Hector Flores’ 1964 Chevrolet Impala will be part of the LowRider Invitational, a special exhibit of lowrider vehicles, at Autorama March 1-3.

Hector Flores’ 1964 Chevrolet Impala will be part of the LowRider Invitational, a special exhibit of lowrider vehicles, at Autorama March 1-3.

Photo by Helen Flores


Local car enthusiasts gear up for Autorama

By: Andy Kozlowski, Mary Beth Almond | Rochester Post | Published February 27, 2019

 Tony Johnson will show off his 1964 Chevrolet Corvette, which features a new split rear window, an iconic one-year-only style found in the 1963 Corvette coupe.

Tony Johnson will show off his 1964 Chevrolet Corvette, which features a new split rear window, an iconic one-year-only style found in the 1963 Corvette coupe.

Photo by Angel J. Photography

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ROCHESTER HILLS — Auto enthusiasts from across the region will be rolling into Cobo Center the first three days of March for this year’s Autorama, billed as “America’s Greatest Hot Rod Show.”

Now in its 67th year, the show — properly known as Meguiar’s Detroit Autorama, presented by O’Reilly Auto Parts — will feature around 800 hot rods and custom cars, including many from the metro Detroit area.

There will also be a pinch of celebrity star power, including NASCAR driver Tony Stewart and the Hanson Brothers from the movie “Slap Shot,” as well as iconic cars like the Batmobile from the film “Batman Returns."

But arguably the real stars of the show are the ordinary people who share their beloved rides — and the passion and insight that comes with them.

 

Locals to show their wheels
Tony Johnson, of Rochester Hills, describes himself as a “car enthusiast.”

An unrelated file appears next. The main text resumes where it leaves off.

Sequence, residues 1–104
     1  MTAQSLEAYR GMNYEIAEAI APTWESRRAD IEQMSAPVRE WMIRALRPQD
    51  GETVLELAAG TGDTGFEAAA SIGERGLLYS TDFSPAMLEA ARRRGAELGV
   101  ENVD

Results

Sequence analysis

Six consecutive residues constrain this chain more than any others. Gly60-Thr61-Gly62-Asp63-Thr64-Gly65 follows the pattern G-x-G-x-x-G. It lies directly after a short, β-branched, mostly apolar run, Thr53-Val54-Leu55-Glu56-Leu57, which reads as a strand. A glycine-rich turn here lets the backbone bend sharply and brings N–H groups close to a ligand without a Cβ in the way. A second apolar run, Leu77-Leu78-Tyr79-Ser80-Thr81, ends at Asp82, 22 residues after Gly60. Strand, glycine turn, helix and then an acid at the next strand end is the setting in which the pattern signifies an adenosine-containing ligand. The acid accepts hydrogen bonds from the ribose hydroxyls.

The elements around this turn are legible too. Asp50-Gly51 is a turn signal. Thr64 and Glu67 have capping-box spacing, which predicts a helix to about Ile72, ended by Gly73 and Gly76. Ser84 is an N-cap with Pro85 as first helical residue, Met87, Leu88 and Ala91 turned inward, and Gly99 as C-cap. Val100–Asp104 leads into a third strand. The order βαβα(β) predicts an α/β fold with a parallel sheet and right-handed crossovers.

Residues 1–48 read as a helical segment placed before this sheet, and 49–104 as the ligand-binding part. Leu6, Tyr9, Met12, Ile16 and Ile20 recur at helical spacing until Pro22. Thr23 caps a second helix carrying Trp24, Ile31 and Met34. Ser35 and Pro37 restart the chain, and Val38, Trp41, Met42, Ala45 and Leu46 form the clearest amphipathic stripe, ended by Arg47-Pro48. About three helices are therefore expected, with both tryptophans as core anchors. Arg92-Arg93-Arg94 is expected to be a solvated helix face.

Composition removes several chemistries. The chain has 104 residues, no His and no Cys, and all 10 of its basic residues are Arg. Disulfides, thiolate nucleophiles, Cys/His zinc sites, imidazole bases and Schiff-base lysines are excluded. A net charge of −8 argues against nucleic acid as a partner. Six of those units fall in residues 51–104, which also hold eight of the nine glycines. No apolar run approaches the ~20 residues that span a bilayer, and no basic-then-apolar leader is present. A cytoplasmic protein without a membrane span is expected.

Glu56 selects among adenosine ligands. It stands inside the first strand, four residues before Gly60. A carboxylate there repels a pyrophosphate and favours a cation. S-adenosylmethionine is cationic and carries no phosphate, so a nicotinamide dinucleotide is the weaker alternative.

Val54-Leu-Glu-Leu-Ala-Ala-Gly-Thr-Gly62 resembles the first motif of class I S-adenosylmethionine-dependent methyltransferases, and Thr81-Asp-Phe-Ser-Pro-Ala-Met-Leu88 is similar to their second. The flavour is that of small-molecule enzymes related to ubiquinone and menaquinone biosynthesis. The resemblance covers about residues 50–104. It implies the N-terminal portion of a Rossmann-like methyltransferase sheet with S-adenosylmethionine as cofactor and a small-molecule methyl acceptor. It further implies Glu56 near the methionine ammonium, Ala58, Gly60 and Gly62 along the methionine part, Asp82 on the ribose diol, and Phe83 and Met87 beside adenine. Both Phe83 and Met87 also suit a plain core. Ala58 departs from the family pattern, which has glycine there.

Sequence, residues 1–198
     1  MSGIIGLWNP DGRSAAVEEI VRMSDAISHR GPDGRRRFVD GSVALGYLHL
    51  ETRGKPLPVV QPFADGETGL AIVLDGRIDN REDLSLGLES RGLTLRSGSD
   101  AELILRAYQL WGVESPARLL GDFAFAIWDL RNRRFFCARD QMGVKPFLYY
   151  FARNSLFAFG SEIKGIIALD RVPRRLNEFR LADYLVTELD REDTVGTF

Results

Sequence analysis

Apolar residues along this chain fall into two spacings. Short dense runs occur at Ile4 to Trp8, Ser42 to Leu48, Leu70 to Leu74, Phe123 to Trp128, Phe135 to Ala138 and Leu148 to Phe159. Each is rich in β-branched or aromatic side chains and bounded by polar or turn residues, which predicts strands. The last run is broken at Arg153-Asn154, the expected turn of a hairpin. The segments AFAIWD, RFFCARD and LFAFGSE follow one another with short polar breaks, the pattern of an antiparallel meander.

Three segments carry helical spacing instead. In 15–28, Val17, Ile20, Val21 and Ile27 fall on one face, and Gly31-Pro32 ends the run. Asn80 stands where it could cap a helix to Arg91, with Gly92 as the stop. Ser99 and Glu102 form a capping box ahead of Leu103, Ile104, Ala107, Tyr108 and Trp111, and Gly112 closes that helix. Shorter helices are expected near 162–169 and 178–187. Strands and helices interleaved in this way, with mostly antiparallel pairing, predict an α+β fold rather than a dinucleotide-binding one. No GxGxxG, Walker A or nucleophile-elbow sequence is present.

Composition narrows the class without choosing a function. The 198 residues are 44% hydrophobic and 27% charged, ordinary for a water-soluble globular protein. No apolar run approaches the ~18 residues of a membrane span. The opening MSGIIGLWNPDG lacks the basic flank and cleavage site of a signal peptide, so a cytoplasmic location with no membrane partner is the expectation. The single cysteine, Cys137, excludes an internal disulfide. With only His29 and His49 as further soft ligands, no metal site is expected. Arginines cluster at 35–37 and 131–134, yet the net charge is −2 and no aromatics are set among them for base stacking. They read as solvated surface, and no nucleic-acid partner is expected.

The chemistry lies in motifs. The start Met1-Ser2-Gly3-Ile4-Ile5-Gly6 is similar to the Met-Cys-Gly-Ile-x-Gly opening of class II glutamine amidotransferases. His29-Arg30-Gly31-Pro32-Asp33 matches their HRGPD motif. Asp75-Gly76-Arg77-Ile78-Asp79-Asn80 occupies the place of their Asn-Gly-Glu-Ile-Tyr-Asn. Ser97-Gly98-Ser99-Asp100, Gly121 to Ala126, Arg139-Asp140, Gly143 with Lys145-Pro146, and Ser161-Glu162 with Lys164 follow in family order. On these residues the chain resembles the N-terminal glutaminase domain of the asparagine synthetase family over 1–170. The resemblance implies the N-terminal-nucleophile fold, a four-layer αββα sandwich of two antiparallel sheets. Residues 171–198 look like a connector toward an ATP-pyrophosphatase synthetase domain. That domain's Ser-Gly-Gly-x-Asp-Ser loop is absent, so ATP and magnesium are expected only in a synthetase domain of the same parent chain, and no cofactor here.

“In the past three years, I’ve built seven cars,” he said.

Johnson will bring his 1964 Chevrolet Corvette, which he added a major change to after showing it last year in an unfinished state — approximately 98 percent complete — disqualifying him from receiving any awards.

“This will be my second time at the Autorama, but it’s kind of like my first time because the first time we didn’t get the full experience,” he said.

Johnson bought his Corvette in April 2017 as a birthday gift to himself.

“I had always dreamed of having this particular Corvette,” he said.

After a body shop botched what was supposed to be a simple paint refresh, Johnson decided to embark on a major overhaul to get his dream car in tip-top shape, falling just short of completing it before last year’s Autorama.

In order to show the car again, Johnson had to complete a “major change” to his 1964 Corvette, which now features a split rear window, an iconic one-year-only style found in the 1963 Corvette coupe.

“I love the hobby of these cars. I don’t physically do any of the work. I call what I do directing traffic. I just tell people what I need to be done,” Johnson said.

Johnson, who will also debut his 1970 Plymouth Cuda at Autorama, described both of his cars as “over-the-top” builds.

“The Corvette, I have almost $200 grand in. The Cuda, I have about $150 (thousand),” he said.

A private investigator by day, Johnson was inspired to create a new car design company two years ago called Jaded.

“I design every bit of the car, from the powertrain I want to the color I want to the wheels to the suspension, the interior … I design them,” he said. “Last year, when I brought that car to the Autorama, I obtained so many customers contacting me throughout the country … because they liked the risk that I had taken with my car and they want me to assist them with designing their cars.”

Rochester Hills resident Hector Flores developed a love for cars at a young age.

“I grew up in Flint, and when I was about 10 years old, my dad brought my brother and I down to the Autorama, and that’s when I fell in love with custom cars,” he said. “That just fueled my love for cars.”